• If moderate to severe azotaemia is noted once the tT4 is in the normal range, these cats would not be considered ideal candidates for radioactive iodine treatment (which will irreversibly normalise GFR) due to risk of clinical deterioration. These cases are better managed with anti-thyroid drugs or iodine restricted-diet. Please contact us to discuss.
  4. The owners must be instructed to stop the anti-thyroid drugs or dietary therapy 8-14 days before their appointment at the feline hyperthyroid clinic.
  5. Cats need to have been vaccinated for 'flu and enteritis' within the last three years.

Yes. In order to confirm the success of treatment and identify the occurrence of iatrogenic hypothyroidism we recommend performing serum biochemistry, serum total T4, urinalysis and systolic blood pressure 30, 90 and 180 days after treatment and at least twice a year thereafter.

Most cats will be euthyroid or temporarily hypothyroid when they leave the Feline Hyperthyroid Clinic after treatment. In a few cases it may take up to 90 days for the thyroid hormones to decline within normal limits. Should the total T4 be elevated at day 180 post radioactive iodine treatment, the cat will be considered a non-responder and a second treatment (with or without prior scintigraphy scan) will be required.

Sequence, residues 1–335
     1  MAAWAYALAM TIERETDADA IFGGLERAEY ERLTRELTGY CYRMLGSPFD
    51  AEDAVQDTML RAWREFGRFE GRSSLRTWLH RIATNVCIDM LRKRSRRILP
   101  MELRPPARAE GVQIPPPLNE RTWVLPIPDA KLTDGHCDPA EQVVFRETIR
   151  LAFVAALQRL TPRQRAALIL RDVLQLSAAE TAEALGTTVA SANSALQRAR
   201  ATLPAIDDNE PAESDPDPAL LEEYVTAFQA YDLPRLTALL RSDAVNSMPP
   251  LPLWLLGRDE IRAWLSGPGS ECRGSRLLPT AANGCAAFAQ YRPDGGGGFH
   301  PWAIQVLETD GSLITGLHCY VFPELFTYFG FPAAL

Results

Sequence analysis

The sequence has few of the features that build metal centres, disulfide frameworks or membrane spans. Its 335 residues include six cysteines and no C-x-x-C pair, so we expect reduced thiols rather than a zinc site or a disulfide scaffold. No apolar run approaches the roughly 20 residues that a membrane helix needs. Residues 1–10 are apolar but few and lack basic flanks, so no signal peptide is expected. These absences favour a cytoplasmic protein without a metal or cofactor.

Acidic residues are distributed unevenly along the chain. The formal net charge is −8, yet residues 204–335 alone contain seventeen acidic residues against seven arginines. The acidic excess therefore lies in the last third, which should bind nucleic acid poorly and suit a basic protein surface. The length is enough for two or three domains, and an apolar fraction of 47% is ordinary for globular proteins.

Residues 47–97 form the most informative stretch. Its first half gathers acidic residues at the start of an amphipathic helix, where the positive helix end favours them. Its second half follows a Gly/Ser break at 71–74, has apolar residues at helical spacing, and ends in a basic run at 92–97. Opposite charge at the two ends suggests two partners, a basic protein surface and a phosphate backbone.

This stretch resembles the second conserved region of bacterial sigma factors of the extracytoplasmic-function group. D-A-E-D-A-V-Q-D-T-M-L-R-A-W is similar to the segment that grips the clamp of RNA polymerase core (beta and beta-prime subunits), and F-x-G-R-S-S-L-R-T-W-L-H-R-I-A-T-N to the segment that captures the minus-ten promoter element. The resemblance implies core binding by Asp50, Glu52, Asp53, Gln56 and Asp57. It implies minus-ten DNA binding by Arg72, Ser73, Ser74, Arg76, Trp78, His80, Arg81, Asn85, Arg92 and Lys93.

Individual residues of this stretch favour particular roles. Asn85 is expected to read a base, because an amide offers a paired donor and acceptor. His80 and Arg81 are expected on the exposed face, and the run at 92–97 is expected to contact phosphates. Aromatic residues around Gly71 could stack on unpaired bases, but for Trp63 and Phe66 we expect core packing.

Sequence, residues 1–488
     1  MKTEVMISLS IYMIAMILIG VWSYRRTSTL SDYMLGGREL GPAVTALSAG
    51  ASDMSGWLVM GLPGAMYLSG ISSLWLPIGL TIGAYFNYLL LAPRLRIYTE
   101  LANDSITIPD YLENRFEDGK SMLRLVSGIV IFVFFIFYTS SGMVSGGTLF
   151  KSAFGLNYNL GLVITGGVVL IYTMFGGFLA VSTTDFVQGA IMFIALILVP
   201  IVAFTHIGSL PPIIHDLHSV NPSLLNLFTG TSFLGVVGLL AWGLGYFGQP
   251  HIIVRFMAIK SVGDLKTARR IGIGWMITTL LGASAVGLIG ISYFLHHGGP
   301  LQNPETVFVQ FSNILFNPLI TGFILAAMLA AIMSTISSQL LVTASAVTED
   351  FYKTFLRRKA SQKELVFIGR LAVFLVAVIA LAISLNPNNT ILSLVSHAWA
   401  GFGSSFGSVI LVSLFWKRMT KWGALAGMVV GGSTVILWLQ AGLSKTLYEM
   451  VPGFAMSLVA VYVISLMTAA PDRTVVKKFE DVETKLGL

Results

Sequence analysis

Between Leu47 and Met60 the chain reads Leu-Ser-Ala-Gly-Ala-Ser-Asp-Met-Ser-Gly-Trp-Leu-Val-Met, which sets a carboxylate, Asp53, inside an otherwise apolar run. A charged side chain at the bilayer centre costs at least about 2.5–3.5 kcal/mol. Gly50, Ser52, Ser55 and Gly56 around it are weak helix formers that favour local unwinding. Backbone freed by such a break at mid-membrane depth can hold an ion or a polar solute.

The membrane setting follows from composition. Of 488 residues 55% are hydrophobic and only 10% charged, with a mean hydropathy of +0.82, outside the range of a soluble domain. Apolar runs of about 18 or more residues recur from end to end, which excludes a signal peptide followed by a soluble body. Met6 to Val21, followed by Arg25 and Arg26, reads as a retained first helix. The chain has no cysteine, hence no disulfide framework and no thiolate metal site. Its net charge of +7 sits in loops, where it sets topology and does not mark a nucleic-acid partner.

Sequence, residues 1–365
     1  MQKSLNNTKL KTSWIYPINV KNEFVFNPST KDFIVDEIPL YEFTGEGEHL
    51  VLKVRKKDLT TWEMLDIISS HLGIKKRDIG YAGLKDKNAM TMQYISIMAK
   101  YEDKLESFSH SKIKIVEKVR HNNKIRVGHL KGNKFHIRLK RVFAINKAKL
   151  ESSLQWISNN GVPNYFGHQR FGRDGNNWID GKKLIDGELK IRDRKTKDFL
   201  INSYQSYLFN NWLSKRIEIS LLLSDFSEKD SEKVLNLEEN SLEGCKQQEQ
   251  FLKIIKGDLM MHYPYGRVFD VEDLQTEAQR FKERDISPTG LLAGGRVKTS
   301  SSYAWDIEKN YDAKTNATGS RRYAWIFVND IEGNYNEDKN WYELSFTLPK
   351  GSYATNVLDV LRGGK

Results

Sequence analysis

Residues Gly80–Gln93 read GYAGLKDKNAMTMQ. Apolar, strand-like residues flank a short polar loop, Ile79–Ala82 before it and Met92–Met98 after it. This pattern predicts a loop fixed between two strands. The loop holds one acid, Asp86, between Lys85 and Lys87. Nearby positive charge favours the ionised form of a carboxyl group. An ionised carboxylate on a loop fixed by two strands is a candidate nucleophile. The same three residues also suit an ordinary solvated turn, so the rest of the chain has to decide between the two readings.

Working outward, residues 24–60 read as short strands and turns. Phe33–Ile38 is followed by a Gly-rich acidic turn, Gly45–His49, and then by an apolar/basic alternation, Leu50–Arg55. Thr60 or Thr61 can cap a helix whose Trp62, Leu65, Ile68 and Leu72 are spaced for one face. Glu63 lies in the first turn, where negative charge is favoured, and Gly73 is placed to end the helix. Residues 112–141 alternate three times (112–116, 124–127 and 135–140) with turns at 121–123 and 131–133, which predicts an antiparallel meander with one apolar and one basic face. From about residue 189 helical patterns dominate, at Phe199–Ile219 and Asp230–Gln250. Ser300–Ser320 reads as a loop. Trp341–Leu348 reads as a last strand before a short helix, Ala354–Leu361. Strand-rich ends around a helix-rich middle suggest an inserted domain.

It is rare but possible that the normal (spared) thyroid tissue will develop spontaneous hormone production after time (new hyperthyroidism). These tests can be done at AMVS or can be performed at the referring veterinary centre. Please contact us to discuss any results at fhc@andersonmoores.com.

Iatrogenic hypothyroidism is the most common complication of radioactive iodine treatment. Its occurrence is low and depends on the accuracy of the clinical scoring and I131 dose calculation prior to treatment.

It is possible for cats to be temporarily hypothyroid (based on low serum tT4 and high serum cTSH) up to 90 days post radioactive iodine treatment. In the absence of azotaemia or clinical signs (lethargy and severe weight gain) treatment is not necessary. However, if low serum tT4 and high cTSH are present 180 days post treatment, the cat has likely developed persistent hypothyroidism. In this case, irrespective of the occurrence of azotaemia or clinical signs, supplemental therapy with levothyroxine (0.07 mg/kg BID) is required long-term. Should azotaemia be present in association with low tT4 and high cTSH even before day 180-post radioactive iodine treatment, levothyroxine supplementation is also recommended.

We hope you will find the above information useful and please do not hesitate to contact us should you wish to discuss the suitability of an individual case with our Internal Medicine Team.